1972, p. 347) This does not impress me as a forthright condemnation
of eugenic sterilization. It minimizes the damage done to many
thousands of Americans while lamenting the harm done to his own
reputation. Despite its more moderate tone, Cattell's 1972 book
appears to continue the major themes from his writings in the
1930s. Beyondism is clearly a racist doctrine. It urges that several
entire groups of humans should become extinct. It inspires hatred
against identifiable groups of people and undermines sympathy
for the less fortunate members of our society who suffer mental
deficiency. To honour Cattell with a major academic award would
confer credibility and respectability on Beyondism, just as the
naming of a lecture series and conference room served notice to
students and the public in the 1970s that the leaders of the Department
of Psychology still thought MacEachran was a fine man who had
done nothing seriously wrong as Chair of the Eugenics Board.
Authors Note: All unpublished documents
cited in this article will be made available in the University
of Alberta archives under the subject name of John M. MacEachran.
Agenda and minutes for the 69th Council Meeting.
(1997, September 3). University of Alberta, Department of Psychology.
Cattell, R. B. (1972). A new morality from
science: Beyondism. NY: Pergamon.
Christian, T. (1974). The Mentally Ill and
Human Rights in Alberta. Edmonton: University of Alberta,
Faculty of Law.
Dolphin, R. (1997, October 17). Honours shelved
for professor linked to eugenics. Edmonton Journal, p.
Editorial. (1997, October 18). Eugenics past cannot
be erased. Edmonton Journal, p. A18.
Gottlieb, G. (1997a). Synthesizing nature-nurture:
Prenatal roots of instinctive behavior. Mahwah, NJ: Erlbaum.
Gottlieb, G. (1997b, April 15). Letter to Professor
Graham, W. A. (1997, October 10). Valuable lesson
lost with decision on MacEachran legacy. Folio (University
of Alberta), p. 4.
Heth, D., & Wahlsten, D. (1997, November 6).
Eugenics prof. should have known better [Letter to the editor].
Edmonton Journal, p. A15.
Kahane, D., Sharp, W.D., & Tweedale, M. (1998,
April). Report of the MacEachran subcommittee. Edmonton:
University of Alberta, Department of Philosophy.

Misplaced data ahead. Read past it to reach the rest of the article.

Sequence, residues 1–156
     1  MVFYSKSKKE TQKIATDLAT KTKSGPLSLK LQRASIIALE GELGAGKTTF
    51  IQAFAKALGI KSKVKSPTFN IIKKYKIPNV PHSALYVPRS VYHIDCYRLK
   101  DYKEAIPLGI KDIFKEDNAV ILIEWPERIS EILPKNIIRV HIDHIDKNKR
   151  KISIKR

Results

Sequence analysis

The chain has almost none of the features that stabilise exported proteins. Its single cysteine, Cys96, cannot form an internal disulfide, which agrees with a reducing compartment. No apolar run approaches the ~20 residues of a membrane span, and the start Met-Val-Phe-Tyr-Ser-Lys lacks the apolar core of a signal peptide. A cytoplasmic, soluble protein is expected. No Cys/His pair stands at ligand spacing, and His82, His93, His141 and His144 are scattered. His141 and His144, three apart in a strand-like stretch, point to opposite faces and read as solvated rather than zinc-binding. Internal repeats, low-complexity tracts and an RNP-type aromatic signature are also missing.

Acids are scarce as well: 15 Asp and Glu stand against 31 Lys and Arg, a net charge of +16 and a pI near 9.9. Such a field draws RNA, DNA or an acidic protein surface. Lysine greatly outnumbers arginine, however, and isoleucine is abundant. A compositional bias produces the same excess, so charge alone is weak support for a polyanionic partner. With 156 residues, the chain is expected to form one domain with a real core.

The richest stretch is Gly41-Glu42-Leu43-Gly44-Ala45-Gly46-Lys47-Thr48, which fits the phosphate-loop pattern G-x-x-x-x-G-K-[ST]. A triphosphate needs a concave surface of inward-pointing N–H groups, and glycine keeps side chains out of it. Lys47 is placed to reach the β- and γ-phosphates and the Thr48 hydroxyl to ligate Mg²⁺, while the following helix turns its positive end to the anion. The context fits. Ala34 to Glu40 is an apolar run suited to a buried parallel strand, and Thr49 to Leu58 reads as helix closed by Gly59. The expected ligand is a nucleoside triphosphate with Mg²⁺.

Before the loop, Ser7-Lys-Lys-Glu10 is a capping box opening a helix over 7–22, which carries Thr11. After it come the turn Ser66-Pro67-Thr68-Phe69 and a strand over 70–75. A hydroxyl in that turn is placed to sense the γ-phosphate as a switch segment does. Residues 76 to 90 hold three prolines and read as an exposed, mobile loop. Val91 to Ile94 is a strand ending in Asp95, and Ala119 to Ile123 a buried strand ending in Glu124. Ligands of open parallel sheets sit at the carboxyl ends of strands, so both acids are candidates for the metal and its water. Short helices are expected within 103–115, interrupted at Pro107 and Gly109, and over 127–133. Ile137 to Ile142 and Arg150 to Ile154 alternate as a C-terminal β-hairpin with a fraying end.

Laghi, B. (1997, October 16). Late professor's
eugenics role costs him honours. Globe and Mail, p. A1.
Nelson, T. (1982). Psychology at Alberta. In M.
J. Wright & C. R. Myers (Eds.), History of academic psychology
in Canada. (pp. 192-219). Toronto: C.J. Hogrefe.
Powers, D. (1979, February 17). Law 'reminiscent'
of Nazi Germany. Edmonton Journal, p. B2.
Pringle, H. (1997). Alberta barren. Saturday
Night, 112 (5), 30-74.
Robb, M. (1997, September 26). What's in a name?
Psychology department cuts ties with eugenics proponent. Folio
(University of Alberta), p. 7.
Sayer, D. (1997, October 24). Airbrushing the
picture of the past. Folio (University of Alberta), p.
Thomas, R. (1975, March 12). New lecture series
established at University. UA News Release (University of Alberta).
Torrance, K. (1997, November 3). The sterilization
of history. Alberta Report, 32-33.
Veit, J. (1996). Muir v. The Queen in Right of
Alberta. Dominion Law Reports, 132 (4th series), 695-762.
Wahlsten, D. (1997a). Leilani Muir versus the
philosopher king: eugenics on trial in Alberta. Genetica, 99,
Wahlsten, D. (1997b, November 7). Letter writer
missed the facts. Folio (University of Alberta), p. 4.
DOUGLAS WAHLSTEN is professor of Psychology
and Neuroscience at the University of Alberta. He is author of
the chapter on behavioural genetics for the 1999 Annual Review
of Psychology as well as book chapters on heredity and behaviour.
His laboratory research on the genetics of mouse brain defects,
sponsored by NSERC, has appeared recently in Brain Research,
the Journal of Comparative Neurology, and Experimental
Neurology. He is a founding member of the International Behavioural
and Neural Genetics Society.
Recent publications include:
Gottlieb, G., Wahlsten, D., & Lickliter, R.
(1997). The significance of biology for human development: A developmental
psychobiological systems view. In W. Damon (Series Ed.) &
R. M. Lerner (Vol. Ed.), Handbook of Child Psychology: Vol.
1: Theoretical models of human development (5th ed.)
(pp. 233-273). New York: Wiley.
Wahlsten, D. (1997). The malleability of intelligence
is not constrained by heritability. In B. Devlin, S. E. Fienberg,
D. P. Resnick, & K. Roeder (Eds.), Intelligence, genes,
and success: Scientists respond to the Bell Curve (pp. 71-87).
New York: Copernicus.
Wahlsten, D. (1999). Single-gene influences on
brain and behavior. Annual Review of Psychology, 50, 599-624.